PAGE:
Glipizide and Metformin
Glipizide and metformin is a common medicine used to treat type 2 diabetes. It helps the pancreas produce more insulin and decreases the amount of sugar produced by the liver. The medication comes in tablet form, and is typically taken once or twice a day. Possible side effects of glipizide and metformin include nausea, diarrhea, and upper respiratory tract infections.
Glipizide and metformin (Metaglip®) is a prescription medication that is used to treat type 2 diabetes (also known as non-insulin-dependent diabetes or adult-onset diabetes). It is a combination of two different diabetes medications: glipizide (Glucotrol® or Glucotrol XL®) and metformin hydrochloride (Fortamet®, Glucophage®, Glucophage XR®, Glumetza®, or Riomet®).
(Click What Is Glipizide and Metformin Used For? for more information, including possible off-label uses.)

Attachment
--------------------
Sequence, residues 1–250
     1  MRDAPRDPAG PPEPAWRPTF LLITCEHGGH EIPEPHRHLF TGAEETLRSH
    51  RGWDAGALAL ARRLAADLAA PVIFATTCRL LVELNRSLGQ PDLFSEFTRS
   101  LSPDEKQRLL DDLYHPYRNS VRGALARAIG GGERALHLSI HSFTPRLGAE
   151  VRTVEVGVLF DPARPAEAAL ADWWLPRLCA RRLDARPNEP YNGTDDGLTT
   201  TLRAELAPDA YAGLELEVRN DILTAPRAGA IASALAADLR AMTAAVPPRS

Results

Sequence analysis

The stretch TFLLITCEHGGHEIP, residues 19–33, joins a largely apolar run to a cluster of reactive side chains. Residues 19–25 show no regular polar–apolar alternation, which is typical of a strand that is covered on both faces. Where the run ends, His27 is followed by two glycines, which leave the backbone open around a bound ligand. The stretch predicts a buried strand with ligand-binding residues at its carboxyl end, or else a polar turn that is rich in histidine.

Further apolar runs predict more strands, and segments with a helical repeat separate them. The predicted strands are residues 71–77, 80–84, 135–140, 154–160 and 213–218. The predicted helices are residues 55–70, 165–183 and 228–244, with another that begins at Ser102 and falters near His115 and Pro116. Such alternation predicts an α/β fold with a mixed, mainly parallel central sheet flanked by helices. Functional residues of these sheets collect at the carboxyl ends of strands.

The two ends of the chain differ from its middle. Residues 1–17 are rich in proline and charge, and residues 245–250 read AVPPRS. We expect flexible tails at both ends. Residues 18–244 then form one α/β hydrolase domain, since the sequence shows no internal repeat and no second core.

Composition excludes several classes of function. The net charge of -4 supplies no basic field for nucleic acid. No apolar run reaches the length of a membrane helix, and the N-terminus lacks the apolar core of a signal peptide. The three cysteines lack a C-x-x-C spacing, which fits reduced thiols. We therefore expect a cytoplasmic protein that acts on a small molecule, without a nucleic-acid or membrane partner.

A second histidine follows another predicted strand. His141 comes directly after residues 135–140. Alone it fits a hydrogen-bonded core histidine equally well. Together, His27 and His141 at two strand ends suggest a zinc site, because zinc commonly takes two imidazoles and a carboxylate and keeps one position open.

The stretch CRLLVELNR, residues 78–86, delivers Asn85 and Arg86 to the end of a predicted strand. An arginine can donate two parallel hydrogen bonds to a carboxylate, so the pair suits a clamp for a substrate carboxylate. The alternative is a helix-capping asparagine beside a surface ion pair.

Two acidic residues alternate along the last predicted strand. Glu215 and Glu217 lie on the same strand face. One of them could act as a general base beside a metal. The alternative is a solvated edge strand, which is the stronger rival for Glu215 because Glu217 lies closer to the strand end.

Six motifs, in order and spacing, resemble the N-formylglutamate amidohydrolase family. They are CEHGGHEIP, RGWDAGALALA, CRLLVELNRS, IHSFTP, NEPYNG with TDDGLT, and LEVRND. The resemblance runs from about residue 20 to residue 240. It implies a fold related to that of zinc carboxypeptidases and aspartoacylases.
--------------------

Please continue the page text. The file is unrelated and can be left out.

Glipizide and metformin is manufactured by Bristol-Myers Squibb Company.
Glipizide and metformin is a combination of two diabetes medicines (glipizide and metformin). These two medications work differently and have different effects in the body:
- Glipizide is part of a class of diabetes medications called sulfonylureas. A sulfonylurea, such as glipizide, helps the pancreas make more insulin. It also helps the cells of the body respond to insulin better. This helps to lower blood sugar and keep it under better control.
- Metformin works in several ways. It decreases the amount of sugar (glucose) made by the liver. It can also decrease the amount of sugar absorbed into the body from the diet and can make insulin receptors more sensitive, helping the body respond to its own insulin better. All of these effects cause a decrease in blood sugar levels.
Glipizide and metformin is not used for the treatment of type 1 diabetes.